Apr 5, 2019
A green light over the salad bar and a red light over the burgers and fries triggers healthier and environmentally more responsible food choices. Experimental psychologists at London’s Queen Mary University set up a lunchtime canteen and studied the choices of over 400 subjects.
They conducted two experiments. In the first, one group of subjects saw traffic signals over the food reflecting its caloric content and healthfulness. In the second experiment, two traffic signals were present: one again representing the health rating of the food; the second signal revealed the environmental friendliness and carbon emission quotient of the food. The control groups saw no lights.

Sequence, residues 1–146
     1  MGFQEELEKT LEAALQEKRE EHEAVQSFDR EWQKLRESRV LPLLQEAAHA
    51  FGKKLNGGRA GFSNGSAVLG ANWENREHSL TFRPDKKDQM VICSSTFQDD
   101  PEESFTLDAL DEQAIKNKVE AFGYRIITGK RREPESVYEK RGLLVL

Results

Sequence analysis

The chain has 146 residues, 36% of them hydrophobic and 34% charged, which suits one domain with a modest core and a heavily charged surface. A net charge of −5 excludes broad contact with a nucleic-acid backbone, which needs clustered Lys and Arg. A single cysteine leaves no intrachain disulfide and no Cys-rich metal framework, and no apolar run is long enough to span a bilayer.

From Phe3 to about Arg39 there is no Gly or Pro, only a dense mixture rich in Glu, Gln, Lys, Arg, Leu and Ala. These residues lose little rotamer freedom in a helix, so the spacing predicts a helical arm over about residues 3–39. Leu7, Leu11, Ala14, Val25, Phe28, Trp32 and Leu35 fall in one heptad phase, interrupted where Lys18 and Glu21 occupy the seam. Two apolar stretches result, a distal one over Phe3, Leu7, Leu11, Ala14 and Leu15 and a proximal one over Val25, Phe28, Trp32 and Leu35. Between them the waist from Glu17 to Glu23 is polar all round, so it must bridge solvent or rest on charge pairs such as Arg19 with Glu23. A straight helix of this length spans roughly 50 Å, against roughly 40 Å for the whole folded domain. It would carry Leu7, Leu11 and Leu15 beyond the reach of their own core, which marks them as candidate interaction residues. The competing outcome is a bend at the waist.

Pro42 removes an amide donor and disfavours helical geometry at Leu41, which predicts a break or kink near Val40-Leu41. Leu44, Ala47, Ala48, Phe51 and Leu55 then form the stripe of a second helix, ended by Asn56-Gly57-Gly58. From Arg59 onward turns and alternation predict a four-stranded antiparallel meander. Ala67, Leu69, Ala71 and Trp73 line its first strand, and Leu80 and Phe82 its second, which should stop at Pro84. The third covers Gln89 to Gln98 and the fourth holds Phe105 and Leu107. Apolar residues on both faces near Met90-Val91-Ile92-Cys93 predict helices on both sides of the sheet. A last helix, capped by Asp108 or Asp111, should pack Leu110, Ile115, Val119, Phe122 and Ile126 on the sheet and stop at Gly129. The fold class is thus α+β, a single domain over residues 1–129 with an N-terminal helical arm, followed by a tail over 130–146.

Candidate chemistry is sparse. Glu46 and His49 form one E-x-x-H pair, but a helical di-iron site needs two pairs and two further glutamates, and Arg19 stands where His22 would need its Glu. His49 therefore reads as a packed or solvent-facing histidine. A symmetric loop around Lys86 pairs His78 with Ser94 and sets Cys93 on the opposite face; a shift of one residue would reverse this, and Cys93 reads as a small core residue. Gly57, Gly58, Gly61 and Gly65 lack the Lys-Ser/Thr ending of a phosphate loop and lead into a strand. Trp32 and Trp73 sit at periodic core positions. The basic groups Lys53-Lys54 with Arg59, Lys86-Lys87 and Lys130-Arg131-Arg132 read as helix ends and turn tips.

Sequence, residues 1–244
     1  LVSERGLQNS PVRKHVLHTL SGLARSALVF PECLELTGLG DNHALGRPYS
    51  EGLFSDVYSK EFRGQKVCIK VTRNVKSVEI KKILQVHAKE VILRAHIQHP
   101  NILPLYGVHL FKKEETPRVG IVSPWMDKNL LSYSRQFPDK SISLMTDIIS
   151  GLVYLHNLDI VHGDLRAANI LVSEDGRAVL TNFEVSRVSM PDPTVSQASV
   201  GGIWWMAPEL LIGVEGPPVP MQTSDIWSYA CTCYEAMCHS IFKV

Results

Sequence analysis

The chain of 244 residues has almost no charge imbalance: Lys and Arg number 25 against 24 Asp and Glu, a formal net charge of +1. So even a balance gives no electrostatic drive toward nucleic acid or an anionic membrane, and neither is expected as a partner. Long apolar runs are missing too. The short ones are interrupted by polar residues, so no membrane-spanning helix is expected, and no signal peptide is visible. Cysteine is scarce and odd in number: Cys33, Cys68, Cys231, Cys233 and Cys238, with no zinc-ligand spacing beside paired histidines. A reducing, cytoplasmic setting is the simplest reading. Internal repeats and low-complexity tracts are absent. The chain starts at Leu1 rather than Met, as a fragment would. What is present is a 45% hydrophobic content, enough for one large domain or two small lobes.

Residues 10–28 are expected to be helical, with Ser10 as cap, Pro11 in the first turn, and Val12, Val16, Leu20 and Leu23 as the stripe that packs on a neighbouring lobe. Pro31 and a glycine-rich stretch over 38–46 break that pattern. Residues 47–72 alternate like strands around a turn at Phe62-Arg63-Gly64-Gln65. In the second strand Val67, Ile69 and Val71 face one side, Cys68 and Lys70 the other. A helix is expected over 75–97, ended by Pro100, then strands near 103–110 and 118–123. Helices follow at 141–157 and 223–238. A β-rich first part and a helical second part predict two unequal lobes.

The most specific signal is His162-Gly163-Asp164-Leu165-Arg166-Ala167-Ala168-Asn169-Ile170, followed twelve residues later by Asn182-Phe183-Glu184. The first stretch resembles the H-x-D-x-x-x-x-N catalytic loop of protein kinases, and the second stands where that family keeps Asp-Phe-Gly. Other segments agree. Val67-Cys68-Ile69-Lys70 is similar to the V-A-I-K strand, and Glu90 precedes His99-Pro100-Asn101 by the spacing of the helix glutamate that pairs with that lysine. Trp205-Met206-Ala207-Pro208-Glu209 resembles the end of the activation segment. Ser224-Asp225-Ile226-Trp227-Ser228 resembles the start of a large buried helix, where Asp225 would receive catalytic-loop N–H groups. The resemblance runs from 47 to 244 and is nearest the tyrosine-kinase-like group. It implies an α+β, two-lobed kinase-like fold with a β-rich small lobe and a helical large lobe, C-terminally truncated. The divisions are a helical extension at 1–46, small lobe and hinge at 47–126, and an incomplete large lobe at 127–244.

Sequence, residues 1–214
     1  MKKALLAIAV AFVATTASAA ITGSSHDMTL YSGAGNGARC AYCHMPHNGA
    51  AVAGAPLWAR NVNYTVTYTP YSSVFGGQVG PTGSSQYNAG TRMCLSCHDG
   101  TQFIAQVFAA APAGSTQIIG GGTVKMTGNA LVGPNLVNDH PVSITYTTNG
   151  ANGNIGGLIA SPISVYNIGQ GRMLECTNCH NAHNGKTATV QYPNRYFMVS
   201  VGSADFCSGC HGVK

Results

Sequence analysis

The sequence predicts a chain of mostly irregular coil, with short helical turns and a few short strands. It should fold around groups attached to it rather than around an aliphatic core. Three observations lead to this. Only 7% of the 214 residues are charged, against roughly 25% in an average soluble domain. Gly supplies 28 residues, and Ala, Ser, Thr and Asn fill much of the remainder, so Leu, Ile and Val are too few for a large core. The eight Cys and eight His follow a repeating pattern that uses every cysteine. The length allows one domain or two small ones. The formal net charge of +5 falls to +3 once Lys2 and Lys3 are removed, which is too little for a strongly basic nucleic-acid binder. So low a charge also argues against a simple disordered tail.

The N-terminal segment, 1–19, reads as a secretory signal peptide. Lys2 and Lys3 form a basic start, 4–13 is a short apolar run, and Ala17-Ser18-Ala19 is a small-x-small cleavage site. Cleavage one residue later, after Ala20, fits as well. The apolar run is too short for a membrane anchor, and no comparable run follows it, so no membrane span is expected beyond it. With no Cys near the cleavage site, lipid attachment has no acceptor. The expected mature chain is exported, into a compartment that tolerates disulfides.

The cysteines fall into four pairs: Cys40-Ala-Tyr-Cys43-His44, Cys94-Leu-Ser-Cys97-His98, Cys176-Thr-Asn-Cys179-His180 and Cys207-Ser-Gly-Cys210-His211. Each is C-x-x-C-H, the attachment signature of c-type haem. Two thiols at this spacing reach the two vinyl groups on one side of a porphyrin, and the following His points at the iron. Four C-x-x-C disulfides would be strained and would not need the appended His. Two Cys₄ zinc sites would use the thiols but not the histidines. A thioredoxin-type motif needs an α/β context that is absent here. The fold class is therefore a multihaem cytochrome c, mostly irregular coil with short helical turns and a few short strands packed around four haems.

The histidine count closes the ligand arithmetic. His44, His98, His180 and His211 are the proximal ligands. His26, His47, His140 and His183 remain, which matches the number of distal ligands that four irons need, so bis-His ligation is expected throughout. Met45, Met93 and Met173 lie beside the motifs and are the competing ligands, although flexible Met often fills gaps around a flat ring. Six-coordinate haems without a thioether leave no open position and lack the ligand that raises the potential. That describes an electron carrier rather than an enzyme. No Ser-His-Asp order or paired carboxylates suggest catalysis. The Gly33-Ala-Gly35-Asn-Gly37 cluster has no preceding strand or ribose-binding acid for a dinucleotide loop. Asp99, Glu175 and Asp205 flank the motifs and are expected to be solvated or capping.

Even though the investigators presupposed that multiple lights would be confusing, the group choosing food while exposed to the one signal for calorie count but also the group exposed to indicators for both calories and carbon emissions choose healthier options. The bonus was that the group also exposed to the environmental signals also chose meals representing fewer carbon emissions.
The traffic light is the ubiquitous signal that governs our behavior both walking and driving. It turns out that the intuitive nature of this graphic also works at the dining room table.
Magda Osman, Katie Thornton. Traffic light labelling of meals to promote sustainable consumption and healthy eating. Appetite, 2019; 138: 60 DOI: 10.1016/j.appet.2019.03.015
#Trafficlight #calories #carbonemissions # dieting #graphics